Max Planck Institute for Molecular Biomedicine

Expedition into the wonder world of life

It is hardly visible to the eye but nevertheless contains everything it needs for a complete organism. An average human cell is only a few hundredths of a millimeter in size. More than 50 billion cells ensure that we can see and walk, resist diseases and even contemplate about ourselves.

How does life work?
But how can an entire human being develop from a fertilized egg cell? How do the cells of an embryo “know” when and exactly where they are supposed to form blood vessels, nerves or muscles? And what tricks do immune cells use to migrate out of the blood into the infected tissue – although the blood vessels comprise a closed system?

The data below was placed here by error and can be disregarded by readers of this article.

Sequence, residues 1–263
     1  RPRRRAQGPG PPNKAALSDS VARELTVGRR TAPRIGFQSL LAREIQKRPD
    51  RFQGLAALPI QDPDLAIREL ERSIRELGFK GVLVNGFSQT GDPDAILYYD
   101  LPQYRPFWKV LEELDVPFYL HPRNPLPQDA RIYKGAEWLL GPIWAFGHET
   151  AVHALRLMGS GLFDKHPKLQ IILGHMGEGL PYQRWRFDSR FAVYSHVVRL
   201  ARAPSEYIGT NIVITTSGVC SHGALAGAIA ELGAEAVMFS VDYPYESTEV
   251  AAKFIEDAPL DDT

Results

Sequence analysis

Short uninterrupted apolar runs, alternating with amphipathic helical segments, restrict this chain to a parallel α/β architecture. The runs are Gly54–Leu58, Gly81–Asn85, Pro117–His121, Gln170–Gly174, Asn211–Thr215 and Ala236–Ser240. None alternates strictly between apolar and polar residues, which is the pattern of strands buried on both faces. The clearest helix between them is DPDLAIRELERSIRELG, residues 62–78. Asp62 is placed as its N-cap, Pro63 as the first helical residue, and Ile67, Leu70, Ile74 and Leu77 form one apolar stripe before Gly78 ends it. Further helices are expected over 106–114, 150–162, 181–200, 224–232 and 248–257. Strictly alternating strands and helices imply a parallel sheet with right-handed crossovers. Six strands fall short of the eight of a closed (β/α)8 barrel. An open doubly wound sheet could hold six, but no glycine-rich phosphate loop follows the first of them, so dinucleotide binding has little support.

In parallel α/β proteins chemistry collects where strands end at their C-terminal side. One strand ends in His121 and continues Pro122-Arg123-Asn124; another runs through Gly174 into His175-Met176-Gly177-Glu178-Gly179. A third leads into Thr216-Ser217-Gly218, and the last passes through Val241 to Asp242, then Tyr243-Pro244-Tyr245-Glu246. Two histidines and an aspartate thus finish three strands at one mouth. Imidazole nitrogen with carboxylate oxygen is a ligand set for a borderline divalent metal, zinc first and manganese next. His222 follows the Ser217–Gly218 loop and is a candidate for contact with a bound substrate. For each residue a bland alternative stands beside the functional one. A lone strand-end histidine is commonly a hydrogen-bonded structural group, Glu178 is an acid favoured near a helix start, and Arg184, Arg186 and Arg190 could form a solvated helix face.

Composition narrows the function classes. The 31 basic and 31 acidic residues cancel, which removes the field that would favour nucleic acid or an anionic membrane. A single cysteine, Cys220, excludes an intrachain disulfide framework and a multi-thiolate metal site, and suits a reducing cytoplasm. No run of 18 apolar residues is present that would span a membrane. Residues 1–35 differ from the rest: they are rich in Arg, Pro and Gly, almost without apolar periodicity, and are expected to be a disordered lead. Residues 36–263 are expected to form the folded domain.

How do diseases develop?
The Max Planck Institute for Molecular Biomedicine is striving to solve these riddles. Using gene technology, molecular biology, and electron and laser microscopy, the researchers are investigating how cells exchange information, which molecules regulate their behavior and which crosstalk errors between cells lead to diseases like cancer and multiple sclerosis.

Opening up new horizons for medicine
The focus of our work is on basic research. However, Institute scientists cooperate closely with physicians at the nearby University of Münster – so that the insights gained in the labs of the Max Planck researchers can benefit patients as rapidly as possible.

Safe therapies need time
Until safe and effective therapies can be developed, much research is needed - also und especially in new stem cell therapies. A good overview of the available products and treatments  that make sense and those that do not can be found at German Stem Cell Network, the Stem Cell Network North Rhine Westphalia and the Patient handbook of the International Society for Stem Cell Reseach (ISSCR).

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